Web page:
It has been about five months since the novel coronavirus began to spread beyond China. Throughout the month of February, the risk of a global pandemic continued to rise, along with the risk of economically damaging lockdown measures of the sort first seen in China. Initially, Western financial markets barely reacted. Towards the end of February, however, complacency suddenly turned into panic. The prospect of a recession deeper than any experienced since World War II, caused stock prices to fall and risk premia for risky assets to skyrocket. This market reaction, in turn, raised concerns that the pandemic would be accompanied not just by a recession but by a full-blown financial crisis. Fears of a so-called credit crunch, i.e. a shortage of credit supply in the economy, were particularly rampant in the Eurozone, with its 80% bank-based financing system.
That risk appears to have been averted for the time being. In industrialized countries, bold interventions of both fiscal and monetary policy have ensured sufficient credit in the Eurozone. In addition to a positive development in the financial markets since mid-March, this can also be seen in the lending to the European non-financial corporate sector, as our "Chart of the Week" shows. Ulrike Kastens, economist at DWS, points out that credit growth has increased substantially in all major Eurozone countries. This reflects not just measures taken by the European Central Bank (ECB), but also generous loan guarantees granted by the states. In the current crisis, these help small companies in particular to obtain urgently needed liquidity. This in turn helps companies survive the crisis and prevents an increase in unemployment caused by bankruptcies.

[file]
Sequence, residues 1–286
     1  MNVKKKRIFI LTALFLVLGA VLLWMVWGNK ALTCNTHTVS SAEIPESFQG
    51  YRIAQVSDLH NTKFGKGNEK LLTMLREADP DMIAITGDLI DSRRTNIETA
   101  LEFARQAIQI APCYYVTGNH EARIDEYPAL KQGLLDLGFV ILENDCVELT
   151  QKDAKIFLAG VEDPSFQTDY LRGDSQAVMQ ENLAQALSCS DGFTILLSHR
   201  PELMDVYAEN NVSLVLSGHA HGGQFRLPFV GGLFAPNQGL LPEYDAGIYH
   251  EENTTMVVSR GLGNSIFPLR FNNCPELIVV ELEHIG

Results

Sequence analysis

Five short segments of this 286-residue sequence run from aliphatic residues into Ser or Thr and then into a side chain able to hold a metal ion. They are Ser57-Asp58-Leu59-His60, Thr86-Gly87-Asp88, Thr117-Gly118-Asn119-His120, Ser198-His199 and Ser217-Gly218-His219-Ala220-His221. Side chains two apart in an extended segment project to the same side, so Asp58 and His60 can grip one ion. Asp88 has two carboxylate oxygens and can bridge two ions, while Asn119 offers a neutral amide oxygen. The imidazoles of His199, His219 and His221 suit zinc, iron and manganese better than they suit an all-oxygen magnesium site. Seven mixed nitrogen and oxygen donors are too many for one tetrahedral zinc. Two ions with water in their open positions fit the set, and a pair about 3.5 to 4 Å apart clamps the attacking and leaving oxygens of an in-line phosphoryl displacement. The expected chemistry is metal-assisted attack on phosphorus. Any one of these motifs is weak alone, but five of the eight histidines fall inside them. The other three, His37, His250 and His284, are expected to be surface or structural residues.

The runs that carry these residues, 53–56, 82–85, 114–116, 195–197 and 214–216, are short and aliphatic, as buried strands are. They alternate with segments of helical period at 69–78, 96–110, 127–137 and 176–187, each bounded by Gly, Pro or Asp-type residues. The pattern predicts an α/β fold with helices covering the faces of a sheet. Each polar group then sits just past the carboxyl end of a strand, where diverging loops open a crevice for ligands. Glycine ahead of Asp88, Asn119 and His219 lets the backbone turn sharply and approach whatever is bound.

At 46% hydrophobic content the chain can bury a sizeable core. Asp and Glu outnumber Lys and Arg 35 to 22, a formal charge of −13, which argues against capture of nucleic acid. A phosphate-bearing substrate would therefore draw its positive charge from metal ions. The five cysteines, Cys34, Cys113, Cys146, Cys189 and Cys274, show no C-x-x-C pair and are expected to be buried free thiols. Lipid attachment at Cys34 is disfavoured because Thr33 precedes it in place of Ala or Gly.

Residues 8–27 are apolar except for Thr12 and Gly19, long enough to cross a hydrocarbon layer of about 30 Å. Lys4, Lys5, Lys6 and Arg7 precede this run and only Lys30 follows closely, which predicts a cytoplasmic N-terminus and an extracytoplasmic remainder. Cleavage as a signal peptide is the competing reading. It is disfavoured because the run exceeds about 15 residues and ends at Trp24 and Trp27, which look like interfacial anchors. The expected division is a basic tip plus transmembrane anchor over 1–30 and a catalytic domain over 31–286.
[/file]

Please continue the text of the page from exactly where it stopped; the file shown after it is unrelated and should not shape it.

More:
Critics complain, among other things, that such loans can artificially keep structurally weak companies alive. Concerns of this sort highlight the need to reverse emergency support, if and when the situation returns to normal. We expect a normalization to continue in the short term, not least thanks to the crisis response so far. It is always possible to nitpick some of the measures. Compared to the Eurozone's hesitant approach during the financial crisis, however, current policies appear to have worked quite well in averting a credit crunch.
* Lending to non-financial corporates
Sources: Haver Analytics, DWS Investment GmbH as of 5/29/20Haver Analytics, DWS Investment GmbH as of 5/29/20